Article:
True the Vote seems to make assumptions on the nonprofits, or the “stash houses” where the fraudulent ballots are kept, as one of the starting point of its research along with the ballot dropboxes, for pinpointing the movements of the mules. Additionally, D’Souza never explains or even gives a hint of who these nonprofits are. So the viewer is left in the dark. This begs the question: Did True the Vote have a preset list of nonprofits they knew were stash houses from previous research, instead of determining who the stash houses are from the mules? Is the research completely nonpartisan?

D’Souza has answered a similar question from a viewer here, but has not addressed this concern. In journalism, you can provide hints for who the nonprofits are. For example, are they big nonprofits with obvious political leanings or small nonprofits doing unrelated work, like animal rescue? D’Souza and his producers not giving any hints at all leaves a big piece of the puzzle off the table.

The movie has other flaws. True the Vote and Engelbrecht’s background is not explained and should have been for context. The organization is based in Houston and has been doggedly fighting election fraud there for more than a decade. The tone of the movie is uneven. It starts off strong and seems like it would be a hard-hitting piece of investigative journalism, but then down-shifts to homey, chummy scenes between D’Souza and family and colleagues. From its marketing, complete with a companion book and a deluxe DVD, you might expect “2000 Mules” to dive deeper into the fraud in the 2020 election, to Philadelphia instead of Atlanta, focusing on the mules more instead of brushing off their motivation as simply about money.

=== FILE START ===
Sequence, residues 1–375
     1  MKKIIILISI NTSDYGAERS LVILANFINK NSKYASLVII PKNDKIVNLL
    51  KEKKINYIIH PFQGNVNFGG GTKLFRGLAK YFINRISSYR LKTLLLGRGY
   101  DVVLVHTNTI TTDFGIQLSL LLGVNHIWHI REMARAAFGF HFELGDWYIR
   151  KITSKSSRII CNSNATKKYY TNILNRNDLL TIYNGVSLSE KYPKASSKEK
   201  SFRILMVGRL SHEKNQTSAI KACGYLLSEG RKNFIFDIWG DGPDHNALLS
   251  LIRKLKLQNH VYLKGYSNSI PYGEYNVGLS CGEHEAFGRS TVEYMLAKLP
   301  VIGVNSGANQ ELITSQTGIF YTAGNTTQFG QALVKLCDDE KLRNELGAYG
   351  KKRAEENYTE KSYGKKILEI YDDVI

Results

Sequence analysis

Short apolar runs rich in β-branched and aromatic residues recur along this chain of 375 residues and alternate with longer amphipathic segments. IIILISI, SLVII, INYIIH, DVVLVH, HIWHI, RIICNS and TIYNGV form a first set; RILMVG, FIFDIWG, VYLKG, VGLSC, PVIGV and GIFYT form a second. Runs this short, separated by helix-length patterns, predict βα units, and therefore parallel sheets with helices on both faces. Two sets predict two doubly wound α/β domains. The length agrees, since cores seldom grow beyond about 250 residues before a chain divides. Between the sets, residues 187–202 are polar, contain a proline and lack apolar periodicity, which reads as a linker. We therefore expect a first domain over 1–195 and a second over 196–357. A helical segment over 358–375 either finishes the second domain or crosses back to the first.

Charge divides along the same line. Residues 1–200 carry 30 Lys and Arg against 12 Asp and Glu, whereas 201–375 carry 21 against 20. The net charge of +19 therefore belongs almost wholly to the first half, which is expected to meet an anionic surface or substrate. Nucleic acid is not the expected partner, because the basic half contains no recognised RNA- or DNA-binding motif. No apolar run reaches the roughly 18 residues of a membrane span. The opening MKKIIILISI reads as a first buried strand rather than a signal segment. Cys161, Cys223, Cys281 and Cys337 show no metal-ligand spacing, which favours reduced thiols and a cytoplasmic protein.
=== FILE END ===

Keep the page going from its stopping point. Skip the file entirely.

In any case, the rest of “2000 Mules” is compelling and has enough overwhelming evidence that these flaws should not have a big impact on the results of the data.

And there is no one in America who cares about this country who can watch the security camera footage in the movie, of mules stuffing ballot boxes, some in broad daylight, and not be shocked, feel betrayed, feel disgusted. True the Vote also found that some of the mules were also involved in the Black Lives Matter and Antifa riots in 2020. What these mules have done runs completely counter to the trust that people in this country have in our election system.

The clarity of the data — the prevalence of cellphones in American life in 2020, the availability of the data to marketers and an organization like True the Vote — is the kind of insight that comes along at turning points in history and are never seen again.

So, flaws and all, “2000 Mules” is a once in a generation, once in a century opportunity. The research in the movie is the biggest opportunity this country has of breaking organized election fraud and its connection to corrupt organizations at the local level, and to domestic terrorism. Here is hoping D’Souza will follow up and show us more, show us everything.